939 F.3d 520 (2nd Cir. 2019), 18-3226 (L), In re del Valle Ruiz

Docket Nº:18-3226 (L), 18-3474 (Con), 18-3629 (XAP)
Citation:939 F.3d 520
Opinion Judge:Hall, Circuit Judge
Party Name:IN RE: Application of Antonio DEL VALLE RUIZ and others for an order to take discovery for use in foreign proceedings pursuant to 28 U.S.C. § 1782
Case Date:October 07, 2019
Court:United States Courts of Appeals, Court of Appeals for the Second Circuit

Page 520

939 F.3d 520 (2nd Cir. 2019)

IN RE: Application of Antonio DEL VALLE RUIZ and others for an order to take discovery for use in foreign proceedings pursuant to 28 U.S.C. § 1782

Nos. 18-3226 (L), 18-3474 (Con), 18-3629 (XAP)

United States Court of Appeals, Second Circuit

October 7, 2019

Argued: March 25, 2019

Page 521

[Copyrighted Material Omitted]

Page 522

[Copyrighted Material Omitted]

Page 523

Appeal from the United States District Court for the Southern District of New York, Nos. 18-mc-85, 18-mc-127 - Edgardo Ramos, Judge .

Javier H. Rubinstein, P.C. (C. Harker Rhodes IV, Kirkland & Ellis LLP, Washington, DC, Lauren F. Friedman, Lucila I.M. Hemmingsen, Joseph Myer Sanderson, Kirkland & Ellis LLP, New York, NY, on the brief), Kirkland & Ellis LLP, Chicago, IL, for Petitioners-Appellants Antonio del Valle Ruiz, et al.

David Mader (Peter Evan Calamari Bento, on the brief), Quinn Emanuel Urquhart & Sullivan, LLP, New York, NY, for Petitioners-Appellants-Cross-Appellees Pacific Investment Management Company LLC and Anchorage Capital Group, LLC.

Elbert Lin (Samuel A. Danon, Hunton Andrews Kurth LLP, Miami, FL, Johnathon E. Schronce, Hunton Andrews Kurth LLP, Richmond, VA, Joseph J. Saltarelli, Hunton Andrews Kurth LLP, New York, NY, on the brief), Hunton Andrews Kurth LLP, Richmond, VA, for Respondents-Appellees Banco Santander, S.A., Santander Holdings U.S.A., Inc., and Santander Bank, N.A. and Respondent-Appellee-Cross-Appellant Santander Investment Securities Inc.

Before: Parker, Hall, and Droney, Circuit Judges.


Hall, Circuit Judge

Banco Santander S.A. (" Santander" ) acquired Banco Popular Español, S.A. (" BPE" ) after a government-forced sale. Petitioners, a group of Mexican nationals and two investment and asset-management firms, initiated or sought to intervene in various foreign proceedings contesting the legality of the acquisition. Petitioners then filed in the Southern District of New York two applications under 28 U.S.C. § 1782 seeking discovery from Santander and its New York-based affiliate, Santander Investment Securities Inc. (" SIS" ), concerning the financial status of BPE. The district court (Ramos, J. ) denied the applications for the most part, concluding that it lacked personal jurisdiction over Santander. The court granted discovery against SIS and in doing so rejected Santander’s argument that § 1782 does not allow for extraterritorial discovery. These consolidated appeals follow.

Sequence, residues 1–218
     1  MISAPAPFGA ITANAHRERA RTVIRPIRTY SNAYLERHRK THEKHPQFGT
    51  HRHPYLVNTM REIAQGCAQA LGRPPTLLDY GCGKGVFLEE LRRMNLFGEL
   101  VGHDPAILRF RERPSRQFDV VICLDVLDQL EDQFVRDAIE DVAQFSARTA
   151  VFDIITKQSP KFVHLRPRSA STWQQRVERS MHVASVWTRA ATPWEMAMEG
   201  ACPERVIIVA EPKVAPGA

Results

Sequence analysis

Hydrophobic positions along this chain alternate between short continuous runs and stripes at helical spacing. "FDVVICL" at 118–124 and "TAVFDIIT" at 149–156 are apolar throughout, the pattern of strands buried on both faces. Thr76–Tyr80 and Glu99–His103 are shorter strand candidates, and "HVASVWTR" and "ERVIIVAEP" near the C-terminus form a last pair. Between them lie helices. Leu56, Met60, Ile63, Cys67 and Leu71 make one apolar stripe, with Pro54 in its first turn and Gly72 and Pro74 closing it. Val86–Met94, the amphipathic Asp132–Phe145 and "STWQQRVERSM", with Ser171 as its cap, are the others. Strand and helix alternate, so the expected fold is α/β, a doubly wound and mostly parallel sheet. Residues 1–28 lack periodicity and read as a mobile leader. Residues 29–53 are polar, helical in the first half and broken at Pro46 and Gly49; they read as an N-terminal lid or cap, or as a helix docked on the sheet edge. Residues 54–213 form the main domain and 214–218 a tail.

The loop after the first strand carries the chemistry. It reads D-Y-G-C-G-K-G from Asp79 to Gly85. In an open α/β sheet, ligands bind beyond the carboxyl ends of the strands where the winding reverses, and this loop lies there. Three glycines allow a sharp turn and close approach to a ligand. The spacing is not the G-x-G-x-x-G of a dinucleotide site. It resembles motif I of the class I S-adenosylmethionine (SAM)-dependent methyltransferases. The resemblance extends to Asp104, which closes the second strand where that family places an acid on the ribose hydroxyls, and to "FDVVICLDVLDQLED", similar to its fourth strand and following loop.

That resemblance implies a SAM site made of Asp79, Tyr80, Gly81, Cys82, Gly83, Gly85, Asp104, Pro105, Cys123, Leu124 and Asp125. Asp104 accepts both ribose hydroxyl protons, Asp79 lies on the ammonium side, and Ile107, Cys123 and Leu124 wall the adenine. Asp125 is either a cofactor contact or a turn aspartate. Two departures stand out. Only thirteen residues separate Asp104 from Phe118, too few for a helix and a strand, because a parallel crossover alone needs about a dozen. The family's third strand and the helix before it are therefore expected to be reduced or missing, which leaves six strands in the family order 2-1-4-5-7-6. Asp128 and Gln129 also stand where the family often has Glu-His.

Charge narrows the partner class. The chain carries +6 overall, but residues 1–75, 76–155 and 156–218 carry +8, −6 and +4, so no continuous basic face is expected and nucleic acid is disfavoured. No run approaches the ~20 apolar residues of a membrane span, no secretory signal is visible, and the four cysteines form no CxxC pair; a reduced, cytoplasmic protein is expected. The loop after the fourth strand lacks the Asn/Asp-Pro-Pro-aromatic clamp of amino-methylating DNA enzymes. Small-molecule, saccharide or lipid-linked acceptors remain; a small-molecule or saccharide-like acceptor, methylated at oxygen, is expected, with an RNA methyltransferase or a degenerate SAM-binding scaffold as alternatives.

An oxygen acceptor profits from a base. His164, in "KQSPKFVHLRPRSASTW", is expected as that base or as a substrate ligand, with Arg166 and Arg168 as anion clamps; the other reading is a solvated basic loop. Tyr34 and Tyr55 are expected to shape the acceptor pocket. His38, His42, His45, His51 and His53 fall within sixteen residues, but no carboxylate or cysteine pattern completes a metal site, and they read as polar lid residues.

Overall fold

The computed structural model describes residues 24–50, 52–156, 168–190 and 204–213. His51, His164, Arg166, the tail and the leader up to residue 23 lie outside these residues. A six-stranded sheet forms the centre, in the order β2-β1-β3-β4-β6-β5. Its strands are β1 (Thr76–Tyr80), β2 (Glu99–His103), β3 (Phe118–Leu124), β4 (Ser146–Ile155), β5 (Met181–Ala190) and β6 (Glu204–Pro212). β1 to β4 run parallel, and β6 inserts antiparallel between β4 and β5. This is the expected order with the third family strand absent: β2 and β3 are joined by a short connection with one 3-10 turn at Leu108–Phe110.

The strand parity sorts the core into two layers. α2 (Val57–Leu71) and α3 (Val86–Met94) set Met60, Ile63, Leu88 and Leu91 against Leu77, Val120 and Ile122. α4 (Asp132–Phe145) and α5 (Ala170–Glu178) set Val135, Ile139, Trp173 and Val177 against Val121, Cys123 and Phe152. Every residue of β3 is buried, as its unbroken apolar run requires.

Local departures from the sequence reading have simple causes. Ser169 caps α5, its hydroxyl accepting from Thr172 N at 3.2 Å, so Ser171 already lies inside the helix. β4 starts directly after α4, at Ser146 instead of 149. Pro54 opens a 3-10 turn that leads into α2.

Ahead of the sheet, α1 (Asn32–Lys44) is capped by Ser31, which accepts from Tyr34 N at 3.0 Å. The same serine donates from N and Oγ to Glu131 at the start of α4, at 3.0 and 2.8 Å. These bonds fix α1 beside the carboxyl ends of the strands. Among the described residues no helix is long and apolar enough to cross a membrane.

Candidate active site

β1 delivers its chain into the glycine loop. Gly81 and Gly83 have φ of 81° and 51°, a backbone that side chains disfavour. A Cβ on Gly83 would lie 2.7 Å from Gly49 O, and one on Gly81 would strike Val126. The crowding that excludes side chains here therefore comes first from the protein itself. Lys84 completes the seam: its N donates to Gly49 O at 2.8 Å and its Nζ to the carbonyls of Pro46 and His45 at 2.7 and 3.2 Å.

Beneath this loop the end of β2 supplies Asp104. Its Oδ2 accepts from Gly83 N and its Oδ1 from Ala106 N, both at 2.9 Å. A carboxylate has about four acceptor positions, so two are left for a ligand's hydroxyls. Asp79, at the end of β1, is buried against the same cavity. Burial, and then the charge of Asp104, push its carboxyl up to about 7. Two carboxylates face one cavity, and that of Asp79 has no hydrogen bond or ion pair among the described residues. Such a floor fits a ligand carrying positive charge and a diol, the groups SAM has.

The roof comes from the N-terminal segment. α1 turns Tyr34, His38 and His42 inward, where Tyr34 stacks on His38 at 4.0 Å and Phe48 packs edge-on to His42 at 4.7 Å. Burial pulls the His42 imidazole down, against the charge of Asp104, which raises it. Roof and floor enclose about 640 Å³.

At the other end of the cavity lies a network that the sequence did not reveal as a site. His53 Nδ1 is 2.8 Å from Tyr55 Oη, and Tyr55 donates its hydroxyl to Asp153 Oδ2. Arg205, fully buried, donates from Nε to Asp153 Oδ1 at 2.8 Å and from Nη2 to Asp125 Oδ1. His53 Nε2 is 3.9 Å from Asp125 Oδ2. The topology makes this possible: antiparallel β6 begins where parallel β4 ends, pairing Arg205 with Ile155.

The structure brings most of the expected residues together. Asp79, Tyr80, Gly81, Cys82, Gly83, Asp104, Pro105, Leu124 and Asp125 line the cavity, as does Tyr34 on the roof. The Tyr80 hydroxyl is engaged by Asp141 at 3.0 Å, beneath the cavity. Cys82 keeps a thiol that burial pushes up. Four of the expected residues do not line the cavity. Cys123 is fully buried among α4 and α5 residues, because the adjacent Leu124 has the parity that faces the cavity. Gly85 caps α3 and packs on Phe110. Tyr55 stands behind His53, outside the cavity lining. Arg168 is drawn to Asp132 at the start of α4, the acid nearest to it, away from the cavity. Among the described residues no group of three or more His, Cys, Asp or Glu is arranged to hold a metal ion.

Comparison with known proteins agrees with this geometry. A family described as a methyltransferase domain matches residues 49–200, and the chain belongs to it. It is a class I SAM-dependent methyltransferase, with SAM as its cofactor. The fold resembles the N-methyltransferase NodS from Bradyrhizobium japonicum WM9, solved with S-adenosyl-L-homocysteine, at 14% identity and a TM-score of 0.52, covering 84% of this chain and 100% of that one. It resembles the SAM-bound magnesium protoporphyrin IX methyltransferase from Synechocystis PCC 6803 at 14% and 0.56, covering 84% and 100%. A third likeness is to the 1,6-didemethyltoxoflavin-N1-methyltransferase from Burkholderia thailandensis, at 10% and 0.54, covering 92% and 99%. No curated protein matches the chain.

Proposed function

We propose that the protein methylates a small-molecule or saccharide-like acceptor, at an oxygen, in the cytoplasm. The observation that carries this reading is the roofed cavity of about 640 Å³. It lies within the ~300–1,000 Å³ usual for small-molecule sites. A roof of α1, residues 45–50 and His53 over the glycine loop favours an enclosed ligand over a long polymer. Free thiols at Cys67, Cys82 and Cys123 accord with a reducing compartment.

We are first asked to delineate the contours of § 1782’s requirement that a person or entity " resides or is found" within the district in which discovery is sought. We hold that this language extends § 1782’s reach to the limits of personal jurisdiction consistent with due process. We nonetheless conclude that Santander’s contacts with the Southern District of New York

Page 524

were insufficient to subject it to the district court’s personal jurisdiction.

We are next tasked with deciding whether § 1782 may be used to reach documents located outside of the United States. We hold that there is no per se bar to the extraterritorial application of § 1782, and the district court may exercise its discretion as to whether to allow such discovery. We conclude that the district court acted well within its discretion here in allowing discovery from SIS.

Having so held, we affirm the district court’s orders.


Section 1782 provides that " [t]he district court of the district in which a person resides or is found may order him to give his testimony or statement or to produce a document or other thing for use in a proceeding in a foreign or international tribunal." 28 U.S.C. § 1782(a). The order may prescribe the applicable practice and procedure for discovery, but " [t]o the extent that the order does not prescribe otherwise, the testimony or statement shall be taken, and the document or other thing produced, in accordance with the Federal Rules of Civil Procedure." Id.